Slate: Coming 'Jingle Mail' Wave
Toomre Capital Markets LLC ("TCM") wrote yesterday in the post 'Moment of Truth' for Wachovia about Wachovia's surprise first quarter earnings loss and how much of the loss was due to their approximately $130 billion portfolio in pay option ARMs. On Tuesday April 15th 2008, Slate has followed up with the sobering article entitled Here Comes the Next Mortgage Crisis. The subtitle to the article is Subprime was just the beginning. Wait until California's prime borrowers start handing their keys to the bank. For those who are more optimistic that the Capital Markets are nearing the end of the mortgage crisis, they would do well to read this very sobering article written by Mark Gimein.
The main thesis behind this article is that with the California residential real estate prices in a free fall, the phenomena of walking away from a home will sharply increase, even for those with strong credit ratings in the so-called "prime" mortgage category. TCM refers to this walk-away phenomena as "jingle mail" and sadly thinks that this phrase will become part of the national lexicon in the coming two years. The article states "Unfortunately, the crisis in California is going to get much worse, and there is no bailout that will solve it. Why? Because if the first stage of the foreclosure crisis was about people who could not afford their mortgages, the next stage will be about people who have every reason not even to try to pay their mortgages." [TCM emphasis added]
Later the article continues. "… for all the California homeowners who in the next year or two are going to find themselves with the choice of whether, faced with a huge new wave of interest resets and a historic decline in the value of their homes, they will simply walk away. First, those home prices: For a weird few months of the mortgage crisis, statisticians came up with peculiar numbers about home values, rolling out comforting stats showing single-digit declines. Well, that's over. Last month, the California Realtors' association (folks who in October managed to "project" that prices would fall 4 percent in 2008) reported that, actually, California house prices in February fell 26 percent from a year ago. In the places where the foreclosure boom has hit hardest, it's worse."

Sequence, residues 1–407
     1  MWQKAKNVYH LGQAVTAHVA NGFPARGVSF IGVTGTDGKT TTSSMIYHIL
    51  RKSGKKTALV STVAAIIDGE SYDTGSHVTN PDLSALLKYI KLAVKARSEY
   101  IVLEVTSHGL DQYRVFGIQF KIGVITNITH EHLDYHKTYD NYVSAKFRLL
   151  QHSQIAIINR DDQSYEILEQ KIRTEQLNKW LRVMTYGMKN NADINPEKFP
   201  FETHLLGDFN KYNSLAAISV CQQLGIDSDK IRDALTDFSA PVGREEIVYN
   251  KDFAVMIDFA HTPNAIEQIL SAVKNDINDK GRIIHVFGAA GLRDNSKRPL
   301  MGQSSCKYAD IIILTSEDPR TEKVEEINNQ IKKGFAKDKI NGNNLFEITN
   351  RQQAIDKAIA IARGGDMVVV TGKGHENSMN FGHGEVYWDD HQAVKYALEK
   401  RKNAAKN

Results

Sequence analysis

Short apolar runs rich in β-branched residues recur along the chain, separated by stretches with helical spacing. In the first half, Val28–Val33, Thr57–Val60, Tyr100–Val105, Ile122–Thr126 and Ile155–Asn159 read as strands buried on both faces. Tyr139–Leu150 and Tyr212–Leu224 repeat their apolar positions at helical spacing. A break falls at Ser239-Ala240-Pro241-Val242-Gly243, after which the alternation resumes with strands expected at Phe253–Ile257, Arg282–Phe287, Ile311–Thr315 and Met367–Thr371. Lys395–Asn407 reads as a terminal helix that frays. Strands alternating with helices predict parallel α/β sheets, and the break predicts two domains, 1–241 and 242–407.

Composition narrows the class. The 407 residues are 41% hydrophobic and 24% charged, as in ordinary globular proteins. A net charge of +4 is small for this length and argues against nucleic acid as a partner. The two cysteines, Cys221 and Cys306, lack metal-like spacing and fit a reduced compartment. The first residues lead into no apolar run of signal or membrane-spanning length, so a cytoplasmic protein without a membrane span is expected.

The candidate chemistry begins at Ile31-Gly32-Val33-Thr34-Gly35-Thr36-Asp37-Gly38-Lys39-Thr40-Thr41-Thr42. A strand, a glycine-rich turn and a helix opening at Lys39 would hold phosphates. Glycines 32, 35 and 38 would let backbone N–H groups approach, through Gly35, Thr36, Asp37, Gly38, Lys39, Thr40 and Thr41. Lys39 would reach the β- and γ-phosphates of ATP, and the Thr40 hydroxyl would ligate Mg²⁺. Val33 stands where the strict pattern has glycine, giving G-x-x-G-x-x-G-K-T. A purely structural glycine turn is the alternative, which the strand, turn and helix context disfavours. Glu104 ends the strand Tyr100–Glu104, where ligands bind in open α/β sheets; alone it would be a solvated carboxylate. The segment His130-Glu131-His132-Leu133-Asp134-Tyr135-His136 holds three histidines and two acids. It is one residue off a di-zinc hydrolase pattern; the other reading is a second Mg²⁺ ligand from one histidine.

This sharp decline in California real estate prices is causing many of the mortgage products originated in the 2005-2007 to have current LTV's near or in excess of 100 percent. The article then continues to explain how the decline in real estate prices when coupled with coming "prime" option ARM resets is likely to leave many homeowners with the economic quandary of whether they should remain in "homedebtor" hell servcing more debt than the home is worth or in a nonrecourse state like California simply walk away. The article explains:
The most common subprime loans were known as "2/28" in the industry: 30 years, including a two-year teaser rate before the interest rate rose. Now these loans have reset, and we're seeing the fallout.
But prime borrowers, too, got loans that started out with low payments; if you bought or refinanced your house in the last few years, it's not unlikely that you have one. With an "option ARM" loan you have the "option" (which most borrowers happily take) of paying less than the interest; the magic of "negative amortization." The loan grows until you hit a specified point—the exact point varies with the lender; with Countrywide, it'll come after about four and a half years—when the payment resets to close to twice where it was on Day 1.
Just two banks, Washington Mutual and Countrywide, wrote more than $300 billion worth of option ARMs in the three years from 2005 to 2007, concentrated in California. Others—IndyMac, Golden West (the creator of the option ARM, and now a part of Wachovia)—wrote many billions more. The really amazing thing is that the meltdown in California is already happening and virtually none of these loans have yet reset. [TCM emphasis added]